Hot tears of recognition stained my face as I finished reading this in a cafe this morning. Xiomara lives with her twin and parents in Harlem. She is fierce and feisty and has had to defend herself against unwanted male attention, thanks to a early-maturing body, for a long time. Constantly warned by her fervently religious mother about the perils of her own body, X writes poetry to escape and to make sense of a world that constantly tells her to be ashamed of who she is.

When your body takes up more room than your voice
you are always the target of well-aimed rumors,
which is why I let my knuckles talk for me.
Which is why I learned to shrug when my name was replaced
by insults.
I’ve forced my skin just as thick as I am.

X becomes involved romantically with a boy named Aman, who loves her for her words, and her heart, rather than what her body appears to promise. Encouraged by her English teacher, X joins a poetry club at school and finds her tribe; like-minded souls whose emotions spill onto the page just like hers.
The suffocation of Xiomara’s life, under the searing gaze of her judgemental and punitive mother, is palpable. Always being told what she is not allowed to do or allowed to be because she is a girl, X pours her hopes, dreams, frustration and anger onto the pages of her precious leather-bound journal.

And I think about all the things we could be
if we were never told our bodies were not built for them.

Caught kissing Aman one day, X’s life spirals out of control and what comes next for her is devastating, terrifying, and agonising. My heart ached and broke for this wonderful girl, and for her twin brother, as they faced gut-wrenching choices about what comes next.
I held this book to my chest when I finished it, trying to imprint Xiomara and her poetry onto my heart. I didn’t need to; they were already there, and there they will stay. I think this is probably the best YA I have read all year, and possibly WILL BE the best I have read all year. It will take something remarkable to top it.
Highly and enthusiastically recommended. Do not wait. Do not “put it on your list”.

Read it. Now.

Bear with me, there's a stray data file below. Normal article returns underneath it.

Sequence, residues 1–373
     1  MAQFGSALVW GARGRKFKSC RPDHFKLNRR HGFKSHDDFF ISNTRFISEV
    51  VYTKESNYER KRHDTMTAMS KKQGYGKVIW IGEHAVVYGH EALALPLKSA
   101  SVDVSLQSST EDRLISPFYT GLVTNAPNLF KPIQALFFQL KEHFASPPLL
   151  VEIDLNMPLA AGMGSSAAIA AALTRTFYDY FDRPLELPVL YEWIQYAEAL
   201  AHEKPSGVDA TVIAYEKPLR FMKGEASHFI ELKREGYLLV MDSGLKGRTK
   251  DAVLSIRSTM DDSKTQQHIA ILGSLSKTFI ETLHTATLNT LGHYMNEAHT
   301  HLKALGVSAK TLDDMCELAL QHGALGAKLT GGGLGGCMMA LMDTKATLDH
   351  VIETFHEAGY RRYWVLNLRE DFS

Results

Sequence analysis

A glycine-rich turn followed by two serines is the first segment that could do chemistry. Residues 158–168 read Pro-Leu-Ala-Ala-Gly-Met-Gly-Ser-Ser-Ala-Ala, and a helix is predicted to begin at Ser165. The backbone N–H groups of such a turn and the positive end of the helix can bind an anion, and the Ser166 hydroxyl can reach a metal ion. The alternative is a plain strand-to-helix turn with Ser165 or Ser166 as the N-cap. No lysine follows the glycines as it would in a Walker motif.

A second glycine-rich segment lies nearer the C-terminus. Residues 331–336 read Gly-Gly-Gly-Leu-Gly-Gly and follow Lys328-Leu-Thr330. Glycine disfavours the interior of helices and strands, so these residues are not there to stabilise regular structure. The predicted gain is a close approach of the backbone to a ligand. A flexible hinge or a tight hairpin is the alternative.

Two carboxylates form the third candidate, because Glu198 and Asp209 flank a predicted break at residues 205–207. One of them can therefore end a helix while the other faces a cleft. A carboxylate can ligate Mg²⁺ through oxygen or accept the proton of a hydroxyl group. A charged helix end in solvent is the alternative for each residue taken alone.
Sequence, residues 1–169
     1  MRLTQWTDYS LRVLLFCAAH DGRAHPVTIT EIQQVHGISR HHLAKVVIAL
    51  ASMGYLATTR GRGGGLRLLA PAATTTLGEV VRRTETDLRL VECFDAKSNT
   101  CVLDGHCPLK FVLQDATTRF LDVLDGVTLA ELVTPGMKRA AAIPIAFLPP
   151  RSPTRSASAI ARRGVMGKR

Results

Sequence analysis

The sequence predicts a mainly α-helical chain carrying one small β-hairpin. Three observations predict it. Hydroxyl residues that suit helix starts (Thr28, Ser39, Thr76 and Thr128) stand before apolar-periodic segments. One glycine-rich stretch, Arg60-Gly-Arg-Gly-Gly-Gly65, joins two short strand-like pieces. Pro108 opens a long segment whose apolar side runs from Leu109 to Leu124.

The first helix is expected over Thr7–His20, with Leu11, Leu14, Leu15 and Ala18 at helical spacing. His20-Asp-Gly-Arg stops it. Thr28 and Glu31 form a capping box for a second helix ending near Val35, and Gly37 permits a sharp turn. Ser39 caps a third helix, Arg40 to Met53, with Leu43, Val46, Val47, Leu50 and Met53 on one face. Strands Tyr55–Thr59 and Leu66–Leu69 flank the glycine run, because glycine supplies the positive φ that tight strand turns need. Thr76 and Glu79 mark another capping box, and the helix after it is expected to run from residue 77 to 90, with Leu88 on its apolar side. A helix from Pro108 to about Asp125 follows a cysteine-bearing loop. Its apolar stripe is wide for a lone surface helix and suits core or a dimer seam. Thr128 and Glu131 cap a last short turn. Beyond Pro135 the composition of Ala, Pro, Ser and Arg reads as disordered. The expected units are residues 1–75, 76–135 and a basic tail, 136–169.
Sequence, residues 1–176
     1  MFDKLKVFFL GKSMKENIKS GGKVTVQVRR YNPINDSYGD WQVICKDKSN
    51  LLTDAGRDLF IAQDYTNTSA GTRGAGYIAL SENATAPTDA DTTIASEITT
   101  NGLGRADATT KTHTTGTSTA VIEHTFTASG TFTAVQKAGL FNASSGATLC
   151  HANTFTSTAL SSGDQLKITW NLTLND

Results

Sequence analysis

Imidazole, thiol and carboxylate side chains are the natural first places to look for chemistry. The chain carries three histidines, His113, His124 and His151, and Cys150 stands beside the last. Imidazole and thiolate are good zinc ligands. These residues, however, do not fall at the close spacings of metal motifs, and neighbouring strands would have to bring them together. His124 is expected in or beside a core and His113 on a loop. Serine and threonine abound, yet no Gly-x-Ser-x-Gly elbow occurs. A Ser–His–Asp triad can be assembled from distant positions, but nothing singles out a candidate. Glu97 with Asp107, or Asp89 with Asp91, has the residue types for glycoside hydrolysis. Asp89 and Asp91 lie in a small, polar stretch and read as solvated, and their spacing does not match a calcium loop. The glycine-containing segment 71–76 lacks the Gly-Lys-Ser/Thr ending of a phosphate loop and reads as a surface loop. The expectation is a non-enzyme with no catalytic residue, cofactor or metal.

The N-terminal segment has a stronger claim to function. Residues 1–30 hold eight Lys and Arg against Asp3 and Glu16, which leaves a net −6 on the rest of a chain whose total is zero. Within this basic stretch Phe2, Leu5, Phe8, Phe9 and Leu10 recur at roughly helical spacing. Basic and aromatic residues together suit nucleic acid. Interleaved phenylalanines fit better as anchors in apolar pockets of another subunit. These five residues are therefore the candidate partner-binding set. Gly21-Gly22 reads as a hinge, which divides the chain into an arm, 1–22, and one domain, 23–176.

A mark on the heart

The Tattooist of AuschwitzThe Tattooist of Auschwitz by Heather Morris

My rating: 5 of 5 stars

This account of a Jew forced to mark other Jews as they entered the infamous concentration camp at Auschwitz is one that is deeply affecting. Lale surrenders himself to save his family who live in a ghetto in Czechoslovakia in 1942. He finds himself transported in harrowing conditions to an even more harrowing desintation – Auschwitz. There is much darkness here in this novelised story of Lale’s experiences, but there is also radiant light too. His love for Gita, a woman he falls hard for, sustains and drives him to survive at any cost. Lale becomes a scrounger for the camp – bringing extra food to many prisoners, and making shady deals that are dangerous and vital. The most chilling passages concern the introduction of the crematoriums into the camps, and the descriptions of the clouds of ash raining down remind you of just how barbaric this period in history was. Morris’s style makes for an easy read – meaning that the prose is flowing and natural. nothing flowery, but everything is powerful.
A tale of love, hardship and survival; this novel will force you to turn the page to discover the fate of all the main players. No spoilers here, except to say that all are now dead and gone and I wonder to myself what Lale would make of Australia’s treatment of asylum seekers in the camps on Manus Island and Nauru. Would he see them as any different to the camp he was condemned to?
Plenty to reflect on, and wonderful writing to enjoy.